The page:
Jungian therapy can help us understand and cope with such complex processes as depression, anxiety or even possible addictions.

This psychotherapeutic approach is based on a process the patient must go through with the help of their therapist. He will go through three very specific phases: self-awareness, transformation and actualization. With this approach we will be able to see what lies in the darkest and most inaccessible part of our psyche in order to transform it and change it.

This approach will be useful in the following times and situations of our life:

  • Times when we feel discouraged, apathetic, and uncertain.
  • Times we feel angry or  frustrated with or about something without really knowing the reason.
  • Problems we go through in our love lives and other relationships.
  • Starting a new stage in our lives, and where we have a fear of making the same mistakes all over again.
  • When we feel “lost”, without knowing which direction to take or what decisions to make.
  • When we realize that we are “stuck” in behavior types that only produce unhappiness.
  • For artists or professionals whose work is based on creativity, and who find it difficult to have new ideas.
  • People who need to understand certain dreams.
Man facing two roads

Man before two roads applying Jungian therapy

Therapeutic objectives

As we have pointed out before, Jungian analysis is a special form of psychotherapy where the patient is led to a personal “reconciliation” with his unconscious side. What does this actually mean?  Basically, therapeutic strategy means we become explorers of our psyche. We can do this in the company of a professional expert in this field, who will help us understand why certain dynamics and unconscious “presences” affect our behavior. To achieve this, Jungian therapy will aim to analyze a series of very specific dimensions.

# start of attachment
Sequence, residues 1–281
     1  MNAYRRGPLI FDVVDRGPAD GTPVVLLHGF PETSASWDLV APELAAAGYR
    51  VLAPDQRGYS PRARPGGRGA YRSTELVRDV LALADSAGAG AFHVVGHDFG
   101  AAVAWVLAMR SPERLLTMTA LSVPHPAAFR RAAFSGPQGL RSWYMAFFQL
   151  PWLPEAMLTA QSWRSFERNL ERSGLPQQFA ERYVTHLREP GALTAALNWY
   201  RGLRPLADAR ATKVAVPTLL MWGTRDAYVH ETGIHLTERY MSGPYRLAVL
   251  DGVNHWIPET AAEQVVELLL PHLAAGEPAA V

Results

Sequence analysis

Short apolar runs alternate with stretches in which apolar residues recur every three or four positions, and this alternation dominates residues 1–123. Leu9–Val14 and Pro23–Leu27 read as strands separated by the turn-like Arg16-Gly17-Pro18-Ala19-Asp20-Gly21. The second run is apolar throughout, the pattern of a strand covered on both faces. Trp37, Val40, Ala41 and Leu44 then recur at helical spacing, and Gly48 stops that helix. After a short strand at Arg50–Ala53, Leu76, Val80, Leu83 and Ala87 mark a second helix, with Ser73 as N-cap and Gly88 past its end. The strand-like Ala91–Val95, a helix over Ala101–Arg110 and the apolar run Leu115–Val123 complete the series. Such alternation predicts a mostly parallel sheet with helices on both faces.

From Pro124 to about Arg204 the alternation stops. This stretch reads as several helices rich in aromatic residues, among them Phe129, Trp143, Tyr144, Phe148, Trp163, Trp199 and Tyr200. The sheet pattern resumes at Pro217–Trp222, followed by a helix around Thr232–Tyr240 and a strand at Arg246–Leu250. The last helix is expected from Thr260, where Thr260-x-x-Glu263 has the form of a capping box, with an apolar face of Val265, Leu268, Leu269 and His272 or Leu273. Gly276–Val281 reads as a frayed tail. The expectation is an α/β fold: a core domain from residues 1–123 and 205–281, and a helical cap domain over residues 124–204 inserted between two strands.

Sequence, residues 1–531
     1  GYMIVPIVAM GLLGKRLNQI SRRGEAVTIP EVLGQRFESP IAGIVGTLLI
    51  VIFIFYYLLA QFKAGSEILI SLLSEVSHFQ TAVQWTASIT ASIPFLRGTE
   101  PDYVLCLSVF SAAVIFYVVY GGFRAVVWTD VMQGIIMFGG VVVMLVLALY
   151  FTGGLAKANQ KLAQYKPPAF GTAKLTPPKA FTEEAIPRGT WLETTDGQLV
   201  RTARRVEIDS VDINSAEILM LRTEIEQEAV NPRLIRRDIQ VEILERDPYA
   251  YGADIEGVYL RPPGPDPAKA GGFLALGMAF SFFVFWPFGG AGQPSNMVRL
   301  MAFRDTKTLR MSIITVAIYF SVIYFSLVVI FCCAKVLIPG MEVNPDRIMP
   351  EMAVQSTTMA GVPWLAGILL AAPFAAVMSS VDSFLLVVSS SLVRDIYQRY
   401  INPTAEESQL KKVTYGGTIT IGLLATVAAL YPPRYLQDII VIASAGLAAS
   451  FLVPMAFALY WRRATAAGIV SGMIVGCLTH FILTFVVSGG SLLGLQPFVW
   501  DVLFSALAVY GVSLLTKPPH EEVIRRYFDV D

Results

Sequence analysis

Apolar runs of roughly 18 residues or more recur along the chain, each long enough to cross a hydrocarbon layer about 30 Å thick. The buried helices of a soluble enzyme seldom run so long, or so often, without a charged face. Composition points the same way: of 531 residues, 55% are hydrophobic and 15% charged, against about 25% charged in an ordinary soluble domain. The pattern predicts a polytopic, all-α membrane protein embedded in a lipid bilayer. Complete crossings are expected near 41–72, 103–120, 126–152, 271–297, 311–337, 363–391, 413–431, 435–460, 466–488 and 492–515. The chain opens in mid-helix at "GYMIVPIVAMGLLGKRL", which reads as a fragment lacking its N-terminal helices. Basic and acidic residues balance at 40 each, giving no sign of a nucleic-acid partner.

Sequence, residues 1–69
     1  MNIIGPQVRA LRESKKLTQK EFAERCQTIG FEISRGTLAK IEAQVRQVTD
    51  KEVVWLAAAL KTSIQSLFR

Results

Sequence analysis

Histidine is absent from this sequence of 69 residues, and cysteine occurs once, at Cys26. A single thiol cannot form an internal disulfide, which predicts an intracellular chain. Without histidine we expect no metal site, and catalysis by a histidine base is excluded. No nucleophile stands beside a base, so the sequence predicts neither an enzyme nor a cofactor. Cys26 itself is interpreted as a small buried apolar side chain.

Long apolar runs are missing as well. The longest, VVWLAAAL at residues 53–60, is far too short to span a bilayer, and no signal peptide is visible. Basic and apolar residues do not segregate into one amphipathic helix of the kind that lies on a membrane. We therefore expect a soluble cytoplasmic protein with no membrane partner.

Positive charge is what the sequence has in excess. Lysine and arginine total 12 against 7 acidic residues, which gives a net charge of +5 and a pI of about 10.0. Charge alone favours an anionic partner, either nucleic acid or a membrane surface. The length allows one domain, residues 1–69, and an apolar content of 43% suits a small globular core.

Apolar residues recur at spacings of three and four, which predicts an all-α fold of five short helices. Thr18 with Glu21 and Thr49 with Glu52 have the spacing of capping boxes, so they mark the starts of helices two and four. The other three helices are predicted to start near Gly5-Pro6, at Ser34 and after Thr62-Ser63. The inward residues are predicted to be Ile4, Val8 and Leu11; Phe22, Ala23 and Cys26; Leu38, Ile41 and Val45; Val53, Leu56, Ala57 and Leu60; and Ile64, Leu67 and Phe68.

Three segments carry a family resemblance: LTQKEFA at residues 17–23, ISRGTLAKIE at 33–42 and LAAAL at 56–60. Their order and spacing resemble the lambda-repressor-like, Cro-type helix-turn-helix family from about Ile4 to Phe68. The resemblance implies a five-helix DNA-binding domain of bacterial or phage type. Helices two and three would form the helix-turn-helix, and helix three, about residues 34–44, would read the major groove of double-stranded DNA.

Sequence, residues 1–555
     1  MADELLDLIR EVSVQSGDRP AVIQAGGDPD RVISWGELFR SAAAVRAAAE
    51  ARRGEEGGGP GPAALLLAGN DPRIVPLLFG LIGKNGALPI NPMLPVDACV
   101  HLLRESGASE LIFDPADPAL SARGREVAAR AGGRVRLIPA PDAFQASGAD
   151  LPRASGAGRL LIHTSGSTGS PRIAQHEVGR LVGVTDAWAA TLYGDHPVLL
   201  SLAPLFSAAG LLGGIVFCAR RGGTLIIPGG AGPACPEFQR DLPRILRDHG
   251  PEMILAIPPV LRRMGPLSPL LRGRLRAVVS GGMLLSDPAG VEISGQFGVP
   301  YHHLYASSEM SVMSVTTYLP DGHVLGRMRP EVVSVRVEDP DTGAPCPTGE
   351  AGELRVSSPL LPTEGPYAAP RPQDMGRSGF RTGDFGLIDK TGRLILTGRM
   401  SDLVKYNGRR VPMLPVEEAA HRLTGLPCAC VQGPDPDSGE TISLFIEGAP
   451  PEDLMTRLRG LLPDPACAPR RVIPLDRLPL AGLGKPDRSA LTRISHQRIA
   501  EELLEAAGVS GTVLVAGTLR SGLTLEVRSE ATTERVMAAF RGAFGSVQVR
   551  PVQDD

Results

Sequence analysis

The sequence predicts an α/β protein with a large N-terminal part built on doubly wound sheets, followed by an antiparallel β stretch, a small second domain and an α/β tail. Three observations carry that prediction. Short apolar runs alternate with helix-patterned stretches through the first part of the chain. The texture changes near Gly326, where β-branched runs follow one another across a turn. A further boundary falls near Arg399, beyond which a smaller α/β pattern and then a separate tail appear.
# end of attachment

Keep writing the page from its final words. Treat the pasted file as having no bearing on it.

They are:

1.Working on our unconscious

In Freudian psychoanalysis the unconscious is nothing more than a space where a large part of our repressed sexual impulses and desires are contained. Carl Jung, however, takes the focus away from all these explanations. He claims that in the depths of our mind there is a whole design consisting of content, symbols, archetypes and meanings. He says that we must bring all these to light. In this way, and to address all that unconscious material, Jungian therapy uses two well-defined stages.

  • Understanding our unconscious design. Through a series of very specific strategies such as the analysis of dreams, art, dialogue or imagination, the therapist should identify and understand each symbol and archetype that exists in our unconscious. However, the patient takes an active part. This is because a good part of these symbols can have a very specific meaning for the person in question. They are like energetic forces which are covering over a problem.
  • Understand how our unconscious matter has an impact on our conscious life. The second therapeutic objective will be to understand how everything that resides within us in a non-conscious way alters our ability to feel good, and to feel fulfilled.

2. Interpretation of dreams

Jungians have a very specific vision of what our dreams are really like. The dream world has a direct relationship with the ego. It is like a theater where important aspects are revealed for their self-realization, needs, fears, and limitations. Freud told us that dreams are nothing more than an area to satisfy certain repressed needs. Jungians, however, think that dreams sometimes act as critical voices. As paths that open us up and draw new alternatives in our conscious world so that we can have a richer life.